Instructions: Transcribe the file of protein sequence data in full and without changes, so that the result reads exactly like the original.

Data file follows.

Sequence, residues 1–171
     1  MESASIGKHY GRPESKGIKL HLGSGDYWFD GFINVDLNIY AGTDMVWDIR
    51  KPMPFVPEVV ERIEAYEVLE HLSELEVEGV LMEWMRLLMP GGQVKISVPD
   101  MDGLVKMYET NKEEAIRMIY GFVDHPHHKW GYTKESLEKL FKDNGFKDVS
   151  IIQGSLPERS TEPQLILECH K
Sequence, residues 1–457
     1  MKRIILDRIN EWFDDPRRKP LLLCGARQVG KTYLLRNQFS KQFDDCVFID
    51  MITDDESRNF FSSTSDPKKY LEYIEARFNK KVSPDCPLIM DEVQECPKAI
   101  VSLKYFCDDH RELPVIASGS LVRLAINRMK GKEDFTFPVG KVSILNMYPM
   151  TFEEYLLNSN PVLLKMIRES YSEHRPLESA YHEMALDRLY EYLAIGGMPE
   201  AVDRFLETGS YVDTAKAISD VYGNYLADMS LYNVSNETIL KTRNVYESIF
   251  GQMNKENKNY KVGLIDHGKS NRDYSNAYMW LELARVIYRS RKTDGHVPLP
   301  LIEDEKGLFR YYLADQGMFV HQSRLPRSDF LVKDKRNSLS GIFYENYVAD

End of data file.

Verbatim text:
Sequence, residues 1–171
     1  MESASIGKHY GRPESKGIKL HLGSGDYWFD GFINVDLNIY AGTDMVWDIR
    51  KPMPFVPEVV ERIEAYEVLE HLSELEVEGV LMEWMRLLMP GGQVKISVPD
   101  MDGLVKMYET NKEEAIRMIY GFVDHPHHKW GYTKESLEKL FKDNGFKDVS
   151  IIQGSLPERS TEPQLILECH K
Sequence, residues 1–457
     1  MKRIILDRIN EWFDDPRRKP LLLCGARQVG KTYLLRNQFS KQFDDCVFID
    51  MITDDESRNF FSSTSDPKKY LEYIEARFNK KVSPDCPLIM DEVQECPKAI
   101  VSLKYFCDDH RELPVIASGS LVRLAINRMK GKEDFTFPVG KVSILNMYPM
   151  TFEEYLLNSN PVLLKMIRES YSEHRPLESA YHEMALDRLY EYLAIGGMPE
   201  AVDRFLETGS YVDTAKAISD VYGNYLADMS LYNVSNETIL KTRNVYESIF
   251  GQMNKENKNY KVGLIDHGKS NRDYSNAYMW LELARVIYRS RKTDGHVPLP
   301  LIEDEKGLFR YYLADQGMFV HQSRLPRSDF LVKDKRNSLS GIFYENYVAD